Rawlings announced a multi-year interdisciplinary research collaboration with the Cleveland Clinic Neurological Institute and its Spine Research Laboratory to study the causes of concussions along with other sports-related head and neck injuries. Cleveland Clinic will be conducting independent testing using research equipment manufactured and donated by Rawlings.

The research equipment – initially including a linear impactor and air cannon – will be housed at the newly formed “Rawlings Performance Laboratory” at Cleveland Clinic's Lutheran Hospital. Doctors and scientists from Cleveland Clinic will be conducting research on protective headwear and accessories used in both baseball and football, measuring their ability to minimize the impacts felt at different levels of force and velocity as well as different angles of impact.

“The collaboration between Rawlings and Cleveland Clinic has developed out of a common goal to apply our particular areas of experience to increase the level of knowledge about what causes concussions and how athletes can better protect themselves against them,” said Robert Parish, president and general manager of St. Louis-based Rawlings, a subsidiary of Jarden Team Sports. “As the official helmet supplier of Major League Baseball, we are held to the highest of performance standards for our batting helmets and are constantly striving to enhance their protective capabilities. Through our collaboration with Cleveland Clinic, we hope to have more quantifiable research from which to draw on as we develop the next generation of protective headwear in baseball and football.”

The Cleveland Clinic research team, led by Spine Research Laboratory Director Lars Gilbertson, Ph.D., is studying the biomechanical performance of baseball and football helmets in relation to head and neck injuries.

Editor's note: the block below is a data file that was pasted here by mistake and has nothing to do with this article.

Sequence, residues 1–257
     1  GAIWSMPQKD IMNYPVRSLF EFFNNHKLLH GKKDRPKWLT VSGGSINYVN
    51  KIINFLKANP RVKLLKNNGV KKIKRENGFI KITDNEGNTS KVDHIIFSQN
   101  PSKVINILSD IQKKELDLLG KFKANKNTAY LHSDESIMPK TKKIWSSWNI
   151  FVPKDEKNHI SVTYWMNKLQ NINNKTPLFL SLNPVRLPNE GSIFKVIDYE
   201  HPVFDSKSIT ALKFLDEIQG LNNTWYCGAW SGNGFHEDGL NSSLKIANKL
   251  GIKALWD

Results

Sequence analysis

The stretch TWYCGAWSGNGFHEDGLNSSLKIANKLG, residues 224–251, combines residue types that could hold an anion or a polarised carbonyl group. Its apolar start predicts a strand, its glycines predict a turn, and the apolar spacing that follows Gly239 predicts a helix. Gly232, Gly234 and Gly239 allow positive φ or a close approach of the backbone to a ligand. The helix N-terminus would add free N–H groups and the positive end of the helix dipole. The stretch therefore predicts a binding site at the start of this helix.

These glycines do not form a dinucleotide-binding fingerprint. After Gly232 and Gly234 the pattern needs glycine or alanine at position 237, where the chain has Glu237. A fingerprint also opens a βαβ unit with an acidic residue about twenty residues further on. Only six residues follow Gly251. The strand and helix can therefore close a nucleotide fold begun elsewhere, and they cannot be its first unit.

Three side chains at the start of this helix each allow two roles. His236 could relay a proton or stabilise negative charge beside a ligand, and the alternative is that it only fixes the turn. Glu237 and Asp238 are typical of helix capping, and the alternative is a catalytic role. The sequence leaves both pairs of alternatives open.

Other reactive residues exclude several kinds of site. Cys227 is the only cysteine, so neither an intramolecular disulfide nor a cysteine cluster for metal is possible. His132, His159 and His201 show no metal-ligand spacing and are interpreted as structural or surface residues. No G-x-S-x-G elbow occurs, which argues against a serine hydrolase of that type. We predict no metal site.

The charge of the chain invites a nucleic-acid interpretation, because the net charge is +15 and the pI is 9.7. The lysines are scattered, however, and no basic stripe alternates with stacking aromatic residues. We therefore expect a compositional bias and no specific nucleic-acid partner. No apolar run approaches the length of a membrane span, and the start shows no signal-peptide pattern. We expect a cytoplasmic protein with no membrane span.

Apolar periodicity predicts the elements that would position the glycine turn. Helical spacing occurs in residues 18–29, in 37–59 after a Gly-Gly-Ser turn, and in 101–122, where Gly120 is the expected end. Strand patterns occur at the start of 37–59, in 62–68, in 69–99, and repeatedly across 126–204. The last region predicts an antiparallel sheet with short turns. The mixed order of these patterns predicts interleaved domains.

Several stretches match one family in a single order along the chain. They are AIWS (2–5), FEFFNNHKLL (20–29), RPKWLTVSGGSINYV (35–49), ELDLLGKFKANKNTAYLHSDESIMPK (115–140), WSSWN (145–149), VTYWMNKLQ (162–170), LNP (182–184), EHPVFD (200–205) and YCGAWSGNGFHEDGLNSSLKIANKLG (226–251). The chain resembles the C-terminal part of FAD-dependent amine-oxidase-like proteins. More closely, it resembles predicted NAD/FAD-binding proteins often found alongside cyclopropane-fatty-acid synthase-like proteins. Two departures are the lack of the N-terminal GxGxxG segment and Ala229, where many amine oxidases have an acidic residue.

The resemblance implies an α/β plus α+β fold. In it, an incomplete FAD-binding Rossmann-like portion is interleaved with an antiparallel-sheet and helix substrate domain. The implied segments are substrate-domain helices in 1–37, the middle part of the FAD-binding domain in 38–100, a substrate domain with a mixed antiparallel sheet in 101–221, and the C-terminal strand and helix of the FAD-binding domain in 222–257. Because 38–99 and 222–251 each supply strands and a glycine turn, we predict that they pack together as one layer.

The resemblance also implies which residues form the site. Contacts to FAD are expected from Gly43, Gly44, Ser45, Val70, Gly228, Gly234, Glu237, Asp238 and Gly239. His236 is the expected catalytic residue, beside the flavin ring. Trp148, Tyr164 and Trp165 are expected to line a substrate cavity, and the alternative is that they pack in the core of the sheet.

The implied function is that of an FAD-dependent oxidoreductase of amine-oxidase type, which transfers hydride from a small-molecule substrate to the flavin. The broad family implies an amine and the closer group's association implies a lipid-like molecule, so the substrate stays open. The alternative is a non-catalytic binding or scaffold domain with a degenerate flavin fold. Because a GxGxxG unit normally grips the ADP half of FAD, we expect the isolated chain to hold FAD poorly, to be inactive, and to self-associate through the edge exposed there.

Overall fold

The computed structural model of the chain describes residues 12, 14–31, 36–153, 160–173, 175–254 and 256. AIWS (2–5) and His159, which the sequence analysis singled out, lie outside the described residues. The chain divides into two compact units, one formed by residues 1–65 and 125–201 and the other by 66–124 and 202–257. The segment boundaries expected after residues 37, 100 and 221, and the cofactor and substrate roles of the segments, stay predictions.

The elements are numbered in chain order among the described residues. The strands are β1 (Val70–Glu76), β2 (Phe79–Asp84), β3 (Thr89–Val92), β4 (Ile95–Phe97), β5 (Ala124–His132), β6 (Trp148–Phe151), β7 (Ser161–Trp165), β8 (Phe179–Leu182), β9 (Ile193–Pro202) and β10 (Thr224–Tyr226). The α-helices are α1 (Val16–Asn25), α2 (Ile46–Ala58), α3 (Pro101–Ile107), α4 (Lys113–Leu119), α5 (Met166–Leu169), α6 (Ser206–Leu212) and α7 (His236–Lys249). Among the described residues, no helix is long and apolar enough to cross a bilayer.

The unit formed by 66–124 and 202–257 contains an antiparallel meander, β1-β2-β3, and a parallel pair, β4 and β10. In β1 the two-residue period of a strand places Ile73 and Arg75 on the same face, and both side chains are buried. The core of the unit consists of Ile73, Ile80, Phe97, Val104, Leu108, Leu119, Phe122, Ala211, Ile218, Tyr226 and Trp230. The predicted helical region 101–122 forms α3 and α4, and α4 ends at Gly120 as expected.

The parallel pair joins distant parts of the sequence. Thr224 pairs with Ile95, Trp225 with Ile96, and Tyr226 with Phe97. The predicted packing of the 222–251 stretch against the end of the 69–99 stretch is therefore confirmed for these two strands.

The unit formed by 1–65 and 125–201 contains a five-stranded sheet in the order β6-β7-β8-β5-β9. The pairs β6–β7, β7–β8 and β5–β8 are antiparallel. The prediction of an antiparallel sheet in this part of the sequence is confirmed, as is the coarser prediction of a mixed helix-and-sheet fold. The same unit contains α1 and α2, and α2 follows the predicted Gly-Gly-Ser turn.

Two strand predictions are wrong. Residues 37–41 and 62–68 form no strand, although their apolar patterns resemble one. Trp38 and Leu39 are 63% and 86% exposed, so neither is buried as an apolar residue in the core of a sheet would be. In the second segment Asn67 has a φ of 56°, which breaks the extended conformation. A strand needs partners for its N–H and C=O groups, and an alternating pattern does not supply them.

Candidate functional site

“Concussion has become a signature injury of sports in this new millennium – and is the subject of an intense, interdisciplinary research effort here at Cleveland Clinic,” said Dr. Gilbertson. “Together with investigators from the Neurological Institute, Orthopedic and Rheumatologic Institute, and Lerner Research Institute, we are trying to determine how injurious effects of single and multiple impacts to the head in athletes can be reduced by sports protective equipment. This generous contribution from Rawlings will help promote this interdisciplinary research to benefit amateur, recreational and professional athletes.”

Head injuries can result in concussions and other brain injuries leading to short-term medical issues such as headaches and blurred visions and contributing to long-term problems such as Alzheimer's disease and Parkinson's disease.

Hospital emergency rooms treat more than 40,000 head injuries in football players each year, according to the American Association of Neurological Surgeons. Football player head injuries are the second most common reason for ER visits among children ages 14 and younger.

“As physicians, we need quantifiable data and a better understanding of head and neck injuries that occur in sports,” said Edward Benzel, M.D., Chairman of Neurological Surgery at Cleveland Clinic. “More evidence is needed so we can better assess when athletes can return to action and what types of protective gear might best mitigate or prevent injuries.”

In addition to being the official batting helmet of Major League Baseball (MLB), Rawlings supplied every Minor League Baseball (MiLB) team and player with the new S100 batting helmet �€“ designed to protect up to speeds of 100 miles per hour. Rawlings also announced in July the company�€�s re-entry into the football protective headwear industry with the Neuro Responsive Gear (NRG) helmet series, currently on high school, collegiate and professional practice fields this season leading up to its full launch next March.